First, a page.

Psychiatrist Brendan Kelly’s latest book takes us back in time and behind the walls of what he calls “Ireland’s awkward institutions”, the nationwide network of large, looming and secular structures that emerged to house “lunatics” in the 19th century and closed in the latter half of the 20th to make way for “mental health units”.
Fascinatingly, this transition was catalysed by an influential 1966 governmental commission, which found Ireland’s asylums unwieldy and unfit for purpose, despite providing the most per capita psychiatric beds in the world. Among other things, the commission called for “adequately staffed and equipped” units. The 21st century mental health commissions – much in the news recently – consistently draw attention to our understaffed and underequipped mental health units, and our paltry number of psychiatric inpatient beds. Will the pendulum swing back? Have we learned nothing? In closing the asylums, have we withheld asylum?
Interesting questions, but not one this book sets out to answer. This is a social history that focuses on Grangegorman asylum, and uses case histories from its archives to centre the narrative around the individuals who worked and resided there.
It doesn’t take long to appreciate the appeal of Kelly’s new approach, whose previous works occasionally laboured under the weight of his academic and archival zeal (flashes of this problem recur in Asylum, but rarely). Early on, we read a letter from Jane in England to her sister Mary in Grangegorman. Mary, 31, is a married mother of a three year old. The letter starts promisingly – “My Dear Sister” – then swerves quickly – “I hear from the doctor that you cannot live long.” A blunter age. Mary, it transpires, having spent 10 years “in poverty” lived the last three years of her short life in Grangegorman. She was admitted with post-partum psychosis and eventually contracted tuberculosis. Jane’s conclusion is grim: “Hoping you will have a happy death, if you are not already reaping the reward of all your suffering here.” The fact that hospital staff withheld the letter, in the prevailing spirit of paternalism, is even grimmer.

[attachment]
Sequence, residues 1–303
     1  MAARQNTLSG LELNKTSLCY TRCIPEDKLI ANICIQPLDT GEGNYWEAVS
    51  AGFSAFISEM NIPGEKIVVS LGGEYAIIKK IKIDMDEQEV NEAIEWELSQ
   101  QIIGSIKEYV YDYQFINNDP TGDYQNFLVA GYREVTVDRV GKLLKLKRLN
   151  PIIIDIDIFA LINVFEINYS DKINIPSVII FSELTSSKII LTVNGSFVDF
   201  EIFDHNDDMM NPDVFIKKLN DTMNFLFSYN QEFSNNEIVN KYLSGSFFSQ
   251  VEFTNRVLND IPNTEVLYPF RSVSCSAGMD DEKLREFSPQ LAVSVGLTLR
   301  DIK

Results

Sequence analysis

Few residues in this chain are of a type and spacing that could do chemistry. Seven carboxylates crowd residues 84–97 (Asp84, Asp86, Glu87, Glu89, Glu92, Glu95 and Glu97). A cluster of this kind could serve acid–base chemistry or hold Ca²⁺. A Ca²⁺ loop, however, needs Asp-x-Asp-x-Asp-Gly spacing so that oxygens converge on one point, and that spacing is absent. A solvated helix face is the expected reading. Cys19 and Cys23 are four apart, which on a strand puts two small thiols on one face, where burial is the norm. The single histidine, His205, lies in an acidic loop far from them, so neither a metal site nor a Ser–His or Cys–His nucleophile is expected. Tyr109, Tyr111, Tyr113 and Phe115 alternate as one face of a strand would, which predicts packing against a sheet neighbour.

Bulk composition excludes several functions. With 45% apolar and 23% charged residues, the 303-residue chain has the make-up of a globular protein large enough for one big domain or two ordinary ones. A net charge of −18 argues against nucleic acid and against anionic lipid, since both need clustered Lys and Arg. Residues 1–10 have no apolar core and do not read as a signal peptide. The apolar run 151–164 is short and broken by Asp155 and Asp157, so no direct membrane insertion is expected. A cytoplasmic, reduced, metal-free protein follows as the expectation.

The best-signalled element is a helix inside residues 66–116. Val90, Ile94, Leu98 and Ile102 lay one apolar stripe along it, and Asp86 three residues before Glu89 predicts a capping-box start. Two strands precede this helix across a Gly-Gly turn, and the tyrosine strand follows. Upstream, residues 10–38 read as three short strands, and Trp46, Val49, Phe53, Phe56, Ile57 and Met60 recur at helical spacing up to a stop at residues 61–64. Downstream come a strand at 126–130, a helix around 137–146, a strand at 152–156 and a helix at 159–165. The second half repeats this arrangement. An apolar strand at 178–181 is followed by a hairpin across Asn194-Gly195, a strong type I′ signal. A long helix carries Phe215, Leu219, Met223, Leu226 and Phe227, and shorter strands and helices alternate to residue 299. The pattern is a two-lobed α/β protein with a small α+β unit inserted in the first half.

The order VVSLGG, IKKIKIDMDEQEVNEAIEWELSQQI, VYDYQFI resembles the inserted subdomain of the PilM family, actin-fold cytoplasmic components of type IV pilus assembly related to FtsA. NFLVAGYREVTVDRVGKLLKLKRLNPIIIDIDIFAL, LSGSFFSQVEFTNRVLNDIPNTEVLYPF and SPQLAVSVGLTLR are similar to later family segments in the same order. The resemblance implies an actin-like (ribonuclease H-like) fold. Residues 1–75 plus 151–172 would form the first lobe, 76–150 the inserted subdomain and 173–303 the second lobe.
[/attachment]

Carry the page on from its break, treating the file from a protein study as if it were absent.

The questions Kelly is interested in addressing are simpler: “How did she end up there? Why? What was her life like?” The answers, however, are anything but. . On the one hand, Kelly considers those who “founded, funded and ran the asylums” and concludes they were “fundamentally altruistic”. His admiration for innovative psychiatrists, such as William Hallaran in Cork and Connolly Norman in Grangegorman, is palpable. But on the other hand, he states matter-of-factly that Mary’s fate was not uncommon: “Lengthy institutionalisation, persistent symptoms, and death inside the asylum walls. Once a person was detained in an Irish asylum for more than five years, it was almost inevitable that they would die there.”
He doesn’t just state this fact, he repeats it, using a different case history to make a variation of the same point. The point, in essence, is that for all their fundamental altruism, asylum staff were largely helpless and often hapless in their efforts to treat enduring mental illnesses – be that with “moral management” and padded rooms, or insulin comas and frontal lobotomies.
Grangegorman saw and tried it all, and all this “therapeutic enthusiasm” did little to alleviate the sustained distress. This was evident to practitioners of the era, with Dr Norman conceding, “the pathology of insanity is at present in a very obscure condition”. Moreover, and just as troubling, was the preponderance of admissions for social reasons, often “trans-institutionalised” from prisons, workhouses and general hospitals. (This too will sound familiar to anyone interested in contemporary mental health issues.)
A keen sense of curiosity permeates all of Kelly’s books. It is an infectious and endearing trait, which spurs his research as well as the reader on, and his writing is nimble and confident. In reading Asylum, I felt a growing sense of unease at the catalogue of brief but rather unrelentingly bleak cases: Martin, who “never stood a chance”; Michael, who died after 14 years in the asylum with “no record of ... receiving any treatment”; Eliza, a “good, if disturbing example” of someone forcibly fed. The list goes on.
Perhaps such unease is the point, the lasting answer to the question of our awkward asylum history. Perhaps the repetition is intentional, arriving like waves of nausea, a haunting for a society “toxically obsessed with [institutional] incarceration” and with a peculiar propensity for treating mental health difficulties with a “mix of help and harm, caring and abandonment” that continues to this day.
Those who do not learn history are doomed to repeat it, the aphorism goes. As a psychiatrist working in Child and Adolescent Mental Health Services, I can’t help but wonder: will we ever learn?